“I hope our book falls into the hands of whoever needs our words. I hope it offers some comfort that you can find strength to live a fulfilled, good life, that it inspires others to grab opportunities that come their way, you never know what will come of taking a deep breath and just going for it…. join that group, club, gym, just do it the time is now!”

Jill Davies said: “I have always loved writing and poetry so being able to contribute to this book fulfils a dream for me. The creative writing group allowed me to voice my feelings in a safe environment, enabling expression of emotions, thoughts and fears. And I made some lovely new friends.”

Speech therapist Lorraine Burroughs said: “I’ve never written creatively but have embraced this opportunity and have benefited greatly. Some take home messages from me are to be kind to yourself, rest when you need to, eat when you feel able and hold your loved ones that little bit longer, enjoy spending time together be in the moment. House work and chores can wait.”

Dr Williams, who signed the books along with the writers described it as  including ‘very powerful, honest writing’ saying it shows ‘it’s not about winning and losing, it’s about living.”

Emma Saysell, Chief Executive of St David’s Hospice Care said: “This is a wonderful book which I urge everyone to read. It’s a book which we will keep at the hospice and also distribute for sale in some of our shops and day hospices. The book can also be obtained by calling the hospice. The messages and feelings contained in its pages are so real, compelling and so strong.

“I have to say that even professionals in the field often don’t fully understand really what people with cancer are going through as they haven’t the actual experience of having the disease. I believe this book is a must read for all health professionals especially those that are involved in the field of cancer, hospice care, palliative care and are  health care professionals.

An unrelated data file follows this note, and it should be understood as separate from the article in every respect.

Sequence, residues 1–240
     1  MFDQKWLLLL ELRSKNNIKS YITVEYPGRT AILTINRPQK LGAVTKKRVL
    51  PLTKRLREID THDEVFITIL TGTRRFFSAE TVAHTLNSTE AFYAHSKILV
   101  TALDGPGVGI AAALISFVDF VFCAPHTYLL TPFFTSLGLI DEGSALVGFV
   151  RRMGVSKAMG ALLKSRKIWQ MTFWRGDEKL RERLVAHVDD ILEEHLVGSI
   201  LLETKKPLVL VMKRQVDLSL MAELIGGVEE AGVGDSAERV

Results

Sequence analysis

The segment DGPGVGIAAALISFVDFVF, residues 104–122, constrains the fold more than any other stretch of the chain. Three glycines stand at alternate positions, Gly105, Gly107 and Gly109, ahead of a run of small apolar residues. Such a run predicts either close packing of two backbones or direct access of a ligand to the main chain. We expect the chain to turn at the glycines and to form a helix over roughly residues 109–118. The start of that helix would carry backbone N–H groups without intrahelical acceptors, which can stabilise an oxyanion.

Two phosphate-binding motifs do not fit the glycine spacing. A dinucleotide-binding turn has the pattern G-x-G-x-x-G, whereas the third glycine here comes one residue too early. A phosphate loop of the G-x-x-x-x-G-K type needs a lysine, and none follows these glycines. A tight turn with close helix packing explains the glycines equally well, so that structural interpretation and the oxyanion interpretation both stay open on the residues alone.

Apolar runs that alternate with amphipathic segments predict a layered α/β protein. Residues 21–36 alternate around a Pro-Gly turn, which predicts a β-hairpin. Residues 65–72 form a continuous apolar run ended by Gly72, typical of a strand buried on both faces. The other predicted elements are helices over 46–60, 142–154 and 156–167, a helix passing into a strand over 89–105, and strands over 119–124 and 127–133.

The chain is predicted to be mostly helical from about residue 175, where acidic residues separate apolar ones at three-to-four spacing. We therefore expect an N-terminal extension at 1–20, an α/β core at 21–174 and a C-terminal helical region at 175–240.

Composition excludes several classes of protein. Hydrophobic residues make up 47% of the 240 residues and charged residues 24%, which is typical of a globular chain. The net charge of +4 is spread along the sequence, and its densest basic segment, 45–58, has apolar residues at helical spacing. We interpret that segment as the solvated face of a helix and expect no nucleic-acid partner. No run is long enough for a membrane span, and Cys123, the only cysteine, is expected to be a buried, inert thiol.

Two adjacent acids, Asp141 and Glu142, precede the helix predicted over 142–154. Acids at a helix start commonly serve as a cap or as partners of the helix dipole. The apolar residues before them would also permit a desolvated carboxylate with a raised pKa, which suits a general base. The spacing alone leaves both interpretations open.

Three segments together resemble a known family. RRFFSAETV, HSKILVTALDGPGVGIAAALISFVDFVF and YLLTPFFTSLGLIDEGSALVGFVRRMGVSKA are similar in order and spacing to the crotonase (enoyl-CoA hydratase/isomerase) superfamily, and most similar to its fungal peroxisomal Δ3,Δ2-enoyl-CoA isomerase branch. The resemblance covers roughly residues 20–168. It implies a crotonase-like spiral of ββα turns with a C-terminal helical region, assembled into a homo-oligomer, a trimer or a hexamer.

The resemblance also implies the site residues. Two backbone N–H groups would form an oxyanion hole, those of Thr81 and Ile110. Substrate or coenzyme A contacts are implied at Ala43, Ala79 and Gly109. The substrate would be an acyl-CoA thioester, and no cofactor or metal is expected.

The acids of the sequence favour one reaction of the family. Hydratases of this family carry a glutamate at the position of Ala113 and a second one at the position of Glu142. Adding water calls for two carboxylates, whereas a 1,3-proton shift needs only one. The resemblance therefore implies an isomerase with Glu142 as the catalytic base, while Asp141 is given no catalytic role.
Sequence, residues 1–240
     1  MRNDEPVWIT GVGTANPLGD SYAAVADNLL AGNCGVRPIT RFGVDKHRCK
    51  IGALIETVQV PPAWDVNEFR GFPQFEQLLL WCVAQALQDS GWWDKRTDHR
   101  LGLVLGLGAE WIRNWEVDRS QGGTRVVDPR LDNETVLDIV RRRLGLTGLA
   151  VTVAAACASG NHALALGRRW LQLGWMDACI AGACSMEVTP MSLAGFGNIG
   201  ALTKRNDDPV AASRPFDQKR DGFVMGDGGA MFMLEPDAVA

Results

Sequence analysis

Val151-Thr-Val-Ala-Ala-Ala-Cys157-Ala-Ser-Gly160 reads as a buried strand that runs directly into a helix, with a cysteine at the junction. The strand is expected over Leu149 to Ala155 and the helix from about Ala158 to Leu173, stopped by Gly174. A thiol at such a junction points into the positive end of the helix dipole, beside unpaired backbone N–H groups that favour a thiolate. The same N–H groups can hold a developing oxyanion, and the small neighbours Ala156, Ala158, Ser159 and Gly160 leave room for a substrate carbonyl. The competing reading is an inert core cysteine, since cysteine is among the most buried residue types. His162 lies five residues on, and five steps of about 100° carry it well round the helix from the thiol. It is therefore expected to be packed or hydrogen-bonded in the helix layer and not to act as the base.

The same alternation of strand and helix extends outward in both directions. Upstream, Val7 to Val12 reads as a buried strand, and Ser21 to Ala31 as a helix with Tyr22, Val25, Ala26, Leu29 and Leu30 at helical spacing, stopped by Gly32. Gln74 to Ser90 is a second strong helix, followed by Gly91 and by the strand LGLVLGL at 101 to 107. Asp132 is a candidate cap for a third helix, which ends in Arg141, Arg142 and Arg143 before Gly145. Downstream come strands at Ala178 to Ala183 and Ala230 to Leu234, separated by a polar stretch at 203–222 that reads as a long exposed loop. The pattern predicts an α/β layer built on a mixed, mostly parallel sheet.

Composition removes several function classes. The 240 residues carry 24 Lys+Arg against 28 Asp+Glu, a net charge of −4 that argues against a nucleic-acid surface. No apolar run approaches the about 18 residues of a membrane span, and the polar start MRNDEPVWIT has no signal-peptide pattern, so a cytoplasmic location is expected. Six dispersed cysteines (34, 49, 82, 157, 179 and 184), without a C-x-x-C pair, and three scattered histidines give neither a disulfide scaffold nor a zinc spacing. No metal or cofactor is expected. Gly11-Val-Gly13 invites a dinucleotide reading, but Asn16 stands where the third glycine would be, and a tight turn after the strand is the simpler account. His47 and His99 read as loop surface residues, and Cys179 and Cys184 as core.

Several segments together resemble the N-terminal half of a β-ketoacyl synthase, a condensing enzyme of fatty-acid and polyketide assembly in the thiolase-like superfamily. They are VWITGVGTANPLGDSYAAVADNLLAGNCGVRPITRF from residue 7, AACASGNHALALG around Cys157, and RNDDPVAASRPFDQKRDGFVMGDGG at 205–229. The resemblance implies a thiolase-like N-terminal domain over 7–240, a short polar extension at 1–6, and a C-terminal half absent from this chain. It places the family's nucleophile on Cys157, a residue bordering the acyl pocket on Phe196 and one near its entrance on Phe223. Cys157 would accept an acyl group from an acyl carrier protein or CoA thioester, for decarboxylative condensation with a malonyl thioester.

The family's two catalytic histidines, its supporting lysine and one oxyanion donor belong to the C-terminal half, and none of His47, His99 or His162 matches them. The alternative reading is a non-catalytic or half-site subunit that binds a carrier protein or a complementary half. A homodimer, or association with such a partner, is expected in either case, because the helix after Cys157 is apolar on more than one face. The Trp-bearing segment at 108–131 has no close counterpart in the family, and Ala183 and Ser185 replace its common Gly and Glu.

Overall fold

“Sadly, we can all fall into a trap of repeating words and phrases that are at best unhelpful and  worse demonstrate a lack of knowledge of what people with cancer, especially younger people such as the writers of this book, experience and how they want and need to be treated by the people they meet in their everyday lives.”

The book is £8. It can be obtained by visiting   The money is being shared between three charities: St David’s Hospice Care, Velindre Hospital and Secondary1st;


Seren Haf Grime worked as a dramatherapist in the NHS for ten years, utilizing the power of story to heal and empower diverse clients with a range or presentations. Seren is a co-founder and performer with The Golden Thread playback theatre company. Playback is a form of improvised, devised theatre which utilises metaphor, story, poetry and music to tell the stories of communities without a voice.

Four years ago, Seren was diagnosed with secondary breast cancer at the age of 36 and has spent the past year shielding with a young child as a single parent.